The strange life of a radical activist-turned-recluse who videotaped everything on TV for 30 years — in the name of truth.
Through musical animated shorts, The History of White People in America tells the history of how skin became race, and race became power.
Jon is an Emmy Award-winning director, writer and producer. He has produced, directed written and overseen documentaries for Amazon, PBS, National Geographic, Time, Inc., ITVS, TED, TechTV, Discovery, and for digital and theatrical distribution. In 2012, Halperin founded Room 608, with Mark Mannucci, a new media and documentary production company.… Show more They’re executive producers of the Amazon series Lore, a hybrid fiction/documentary series for Propagate Content and Valhalla Entertainment as well as the HHMI series I Contain Multitudes for PBS Digital. He just won an Emmy for Best Science and Technology film for A Year in Space. Show less
Clementine worked in Paris, France for four years at a commercial production company, working with brands such as Coca-Cola, IBM, L’Oreal, RadioShack, and McKinsey & Co. She worked across various mediums from corporate videos to television (CNN, BBC), and film. Her work took her throughout Europe and the United States, as well as in Georgia, China,… Show more Mongolia, Israel, and Libya. Clementine moved back to the United States to pursue a career in the documentary and film industry, most recently helping to deliver quality short form documentary content for the Emmy award winning organization ITVS. Show less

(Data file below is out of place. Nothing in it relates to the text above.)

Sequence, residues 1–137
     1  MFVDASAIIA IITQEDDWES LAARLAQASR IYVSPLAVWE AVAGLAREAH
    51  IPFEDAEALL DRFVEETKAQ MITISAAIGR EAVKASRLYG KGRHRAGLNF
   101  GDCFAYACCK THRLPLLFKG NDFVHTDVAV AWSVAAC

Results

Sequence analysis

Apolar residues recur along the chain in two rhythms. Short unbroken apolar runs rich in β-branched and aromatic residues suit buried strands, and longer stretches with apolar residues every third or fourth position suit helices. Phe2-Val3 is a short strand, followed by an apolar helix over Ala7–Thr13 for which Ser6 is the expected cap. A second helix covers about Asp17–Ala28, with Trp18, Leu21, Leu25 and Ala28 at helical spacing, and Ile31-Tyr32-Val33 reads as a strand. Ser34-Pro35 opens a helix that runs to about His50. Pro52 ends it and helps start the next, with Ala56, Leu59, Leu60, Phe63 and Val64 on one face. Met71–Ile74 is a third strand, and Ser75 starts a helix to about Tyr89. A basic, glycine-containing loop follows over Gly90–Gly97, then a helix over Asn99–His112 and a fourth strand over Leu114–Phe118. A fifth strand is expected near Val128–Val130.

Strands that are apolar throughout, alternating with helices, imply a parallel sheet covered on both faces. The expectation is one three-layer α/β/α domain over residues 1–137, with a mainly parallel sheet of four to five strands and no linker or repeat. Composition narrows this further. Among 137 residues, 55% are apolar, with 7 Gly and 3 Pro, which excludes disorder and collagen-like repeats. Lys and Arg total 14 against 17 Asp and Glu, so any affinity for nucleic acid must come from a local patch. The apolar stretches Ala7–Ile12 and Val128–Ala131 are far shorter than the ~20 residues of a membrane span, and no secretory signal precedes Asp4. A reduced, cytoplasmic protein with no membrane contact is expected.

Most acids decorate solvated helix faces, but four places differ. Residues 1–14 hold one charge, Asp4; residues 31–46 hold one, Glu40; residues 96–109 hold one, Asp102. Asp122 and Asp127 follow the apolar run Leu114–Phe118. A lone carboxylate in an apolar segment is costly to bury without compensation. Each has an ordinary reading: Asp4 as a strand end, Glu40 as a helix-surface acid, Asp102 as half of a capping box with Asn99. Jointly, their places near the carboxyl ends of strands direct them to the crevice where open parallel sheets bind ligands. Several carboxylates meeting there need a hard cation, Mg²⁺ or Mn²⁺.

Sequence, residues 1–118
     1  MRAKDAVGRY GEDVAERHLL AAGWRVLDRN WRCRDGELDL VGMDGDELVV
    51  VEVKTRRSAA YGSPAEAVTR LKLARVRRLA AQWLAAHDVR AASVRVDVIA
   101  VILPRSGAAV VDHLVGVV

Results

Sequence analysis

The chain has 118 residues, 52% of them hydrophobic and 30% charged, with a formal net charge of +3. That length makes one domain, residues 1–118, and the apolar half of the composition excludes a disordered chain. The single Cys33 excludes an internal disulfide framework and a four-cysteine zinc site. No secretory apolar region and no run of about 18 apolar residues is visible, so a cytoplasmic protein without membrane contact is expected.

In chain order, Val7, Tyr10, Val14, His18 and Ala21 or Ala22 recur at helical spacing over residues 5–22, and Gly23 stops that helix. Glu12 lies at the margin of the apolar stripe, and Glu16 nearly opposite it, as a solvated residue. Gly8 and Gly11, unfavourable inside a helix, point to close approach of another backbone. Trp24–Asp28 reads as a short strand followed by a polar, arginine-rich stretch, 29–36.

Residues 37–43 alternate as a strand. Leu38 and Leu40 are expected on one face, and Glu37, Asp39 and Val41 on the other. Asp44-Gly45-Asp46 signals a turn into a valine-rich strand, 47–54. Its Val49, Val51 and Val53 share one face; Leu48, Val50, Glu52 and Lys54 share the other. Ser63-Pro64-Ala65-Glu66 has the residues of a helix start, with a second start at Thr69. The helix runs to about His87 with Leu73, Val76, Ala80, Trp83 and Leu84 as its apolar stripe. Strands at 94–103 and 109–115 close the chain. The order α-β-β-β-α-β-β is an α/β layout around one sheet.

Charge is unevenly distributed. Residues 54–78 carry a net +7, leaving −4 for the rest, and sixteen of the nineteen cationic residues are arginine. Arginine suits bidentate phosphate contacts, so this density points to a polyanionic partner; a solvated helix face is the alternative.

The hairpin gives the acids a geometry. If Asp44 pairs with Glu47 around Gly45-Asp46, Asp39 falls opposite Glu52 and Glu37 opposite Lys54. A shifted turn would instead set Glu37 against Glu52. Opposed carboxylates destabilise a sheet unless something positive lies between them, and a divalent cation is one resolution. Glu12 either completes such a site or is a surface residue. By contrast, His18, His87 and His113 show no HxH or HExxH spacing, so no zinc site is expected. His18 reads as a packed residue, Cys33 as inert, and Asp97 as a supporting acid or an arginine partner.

Through the entertaining and engaging lens of musical animated shorts, The History of White People in America examines how skin color has come to define race in our country. Episode 1 introduces viewers to the invention of the white “race” by Virginians in the aftermath of Bacon’s Rebellion in 1676. Episode 2 picks up the exploration a few decades later with an African man and an English woman -- husband and wife -- singing about the fate of their future as new laws render their love illegal. And in Episode 3, President Thomas Jefferson, Sally Hemings and one of their five children share illuminating insights on how skin became color, color became race and race became power. Each short highlights race as a social construct, invented to distinguish “us” from “them” throughout American history. Viewed collectively, these shorts capture the truth of what it means to be American – that “us” and “them” are constantly redefined, that our racial history deserves contemplation, and that above all else we are bound by our rich differences in experience and identity.